Even though birth rates were higher between the 17th and 21st centuries, averaging around 6 children per woman, the struggle for survival meant that many children did not grow old enough to have children themselves.
Within the last century, global child mortality rates have decreased from around 25% to just 2.9%. The steepest decline has been within the last 50 years.
Advances in natal healthcare and surgical safety mean that though people in developed countries are having fewer children, more of those children are growing up to live full lives and start families of their own.
Lack of education in developing countries has resulted in a poor understanding of family planning and the continuation of traditional beliefs like the perception that many offspring are a sign of wealth.
In many African countries, children are viewed as potential workers who can contribute to the family’s needs, incentivizing larger family units.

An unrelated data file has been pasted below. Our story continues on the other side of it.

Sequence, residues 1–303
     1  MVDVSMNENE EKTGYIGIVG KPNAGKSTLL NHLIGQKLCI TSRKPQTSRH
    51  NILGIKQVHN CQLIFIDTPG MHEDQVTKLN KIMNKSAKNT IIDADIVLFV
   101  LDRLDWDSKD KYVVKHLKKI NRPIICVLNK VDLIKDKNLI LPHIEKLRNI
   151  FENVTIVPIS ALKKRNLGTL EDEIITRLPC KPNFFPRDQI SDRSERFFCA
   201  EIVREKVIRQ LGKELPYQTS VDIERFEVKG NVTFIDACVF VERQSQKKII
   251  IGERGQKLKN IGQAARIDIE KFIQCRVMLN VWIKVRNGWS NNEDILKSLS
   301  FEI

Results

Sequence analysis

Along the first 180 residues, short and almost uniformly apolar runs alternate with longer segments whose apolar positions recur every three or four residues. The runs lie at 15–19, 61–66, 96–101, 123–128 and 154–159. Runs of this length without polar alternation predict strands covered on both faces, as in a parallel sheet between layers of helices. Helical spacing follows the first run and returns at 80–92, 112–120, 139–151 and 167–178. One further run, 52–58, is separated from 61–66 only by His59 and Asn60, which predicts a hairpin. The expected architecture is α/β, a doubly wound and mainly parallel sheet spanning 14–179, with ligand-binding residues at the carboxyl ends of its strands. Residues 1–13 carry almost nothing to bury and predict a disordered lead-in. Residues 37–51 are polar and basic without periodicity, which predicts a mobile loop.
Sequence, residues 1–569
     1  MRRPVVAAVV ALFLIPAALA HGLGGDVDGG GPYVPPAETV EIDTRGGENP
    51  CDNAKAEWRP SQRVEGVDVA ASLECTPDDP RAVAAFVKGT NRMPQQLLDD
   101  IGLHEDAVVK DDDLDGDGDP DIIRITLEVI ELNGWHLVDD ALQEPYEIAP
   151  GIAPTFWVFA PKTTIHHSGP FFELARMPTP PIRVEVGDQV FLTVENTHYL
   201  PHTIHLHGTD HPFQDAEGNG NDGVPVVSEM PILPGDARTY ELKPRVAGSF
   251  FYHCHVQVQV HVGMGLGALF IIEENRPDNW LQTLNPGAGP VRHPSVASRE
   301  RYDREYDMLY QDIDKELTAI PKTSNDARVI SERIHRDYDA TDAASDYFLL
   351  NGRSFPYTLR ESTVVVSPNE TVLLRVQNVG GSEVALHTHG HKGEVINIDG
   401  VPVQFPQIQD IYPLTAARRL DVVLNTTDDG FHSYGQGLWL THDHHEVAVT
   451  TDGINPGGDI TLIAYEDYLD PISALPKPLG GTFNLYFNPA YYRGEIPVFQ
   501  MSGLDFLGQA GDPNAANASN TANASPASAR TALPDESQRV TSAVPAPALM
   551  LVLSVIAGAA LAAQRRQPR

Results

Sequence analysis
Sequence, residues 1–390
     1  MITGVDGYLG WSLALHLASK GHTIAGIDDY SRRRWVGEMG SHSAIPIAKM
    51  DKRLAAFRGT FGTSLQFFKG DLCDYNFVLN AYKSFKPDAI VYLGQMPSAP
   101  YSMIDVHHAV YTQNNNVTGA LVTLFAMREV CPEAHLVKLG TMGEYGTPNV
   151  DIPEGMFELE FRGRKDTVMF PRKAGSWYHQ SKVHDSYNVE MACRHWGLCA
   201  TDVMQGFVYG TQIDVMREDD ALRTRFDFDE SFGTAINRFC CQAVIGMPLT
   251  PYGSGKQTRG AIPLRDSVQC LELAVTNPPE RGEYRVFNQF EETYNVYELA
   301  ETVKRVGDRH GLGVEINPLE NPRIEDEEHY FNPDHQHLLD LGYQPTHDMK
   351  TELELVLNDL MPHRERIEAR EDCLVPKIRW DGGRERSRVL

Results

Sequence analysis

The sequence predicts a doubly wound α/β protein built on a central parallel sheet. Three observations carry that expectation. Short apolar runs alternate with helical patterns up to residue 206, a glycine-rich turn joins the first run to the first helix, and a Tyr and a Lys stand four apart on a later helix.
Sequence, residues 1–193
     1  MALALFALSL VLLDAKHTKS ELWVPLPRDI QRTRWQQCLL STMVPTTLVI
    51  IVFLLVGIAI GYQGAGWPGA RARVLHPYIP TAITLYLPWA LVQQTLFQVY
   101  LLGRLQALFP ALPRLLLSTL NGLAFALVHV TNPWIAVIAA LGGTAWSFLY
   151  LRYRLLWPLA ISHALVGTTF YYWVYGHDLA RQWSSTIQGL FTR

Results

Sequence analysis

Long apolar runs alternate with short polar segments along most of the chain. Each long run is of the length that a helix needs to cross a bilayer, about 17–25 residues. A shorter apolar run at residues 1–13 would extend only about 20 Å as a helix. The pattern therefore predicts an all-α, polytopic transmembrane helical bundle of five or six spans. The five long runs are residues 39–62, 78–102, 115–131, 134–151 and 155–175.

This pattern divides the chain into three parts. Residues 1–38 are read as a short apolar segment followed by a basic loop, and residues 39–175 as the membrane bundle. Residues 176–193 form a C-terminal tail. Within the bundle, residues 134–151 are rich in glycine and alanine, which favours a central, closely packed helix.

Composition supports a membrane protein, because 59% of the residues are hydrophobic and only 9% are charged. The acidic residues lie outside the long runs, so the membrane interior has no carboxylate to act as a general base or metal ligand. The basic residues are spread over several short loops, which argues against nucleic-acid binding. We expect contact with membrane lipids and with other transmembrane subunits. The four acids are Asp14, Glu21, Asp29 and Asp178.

Effects of Overpopulation on the Environment
Overpopulation and overconsumption are closely linked to negative environmental outcomes.
There is now no part of the earth that is not affected in some negative way by human activities. This is magnified by the ever-growing demands our ever-growing population places on the planet.
Increased human population sizes and increased demand for natural resources have led to severe negative impacts.
The video below, by The Knowledge Exchange and Sir David Attenborough on YouTube, briefly covers the impacts of human activity on the natural environment, as amplified by overpopulation:
While over 70% of the earth’s surface is covered with water, only around 1% of that is fresh and accessible. Increases in immigration to developed countries place massive pressure on freshwater supplies in countries like the USA, UK, and Australia.
Increasing populations in developed countries increase the need for intensive farming practices, which damage ecosystems, and increase agricultural pollution.
Agricultural pollution has been responsible for some of the biggest environmental declines on the planet, resulting in the permanent loss of biodiversity.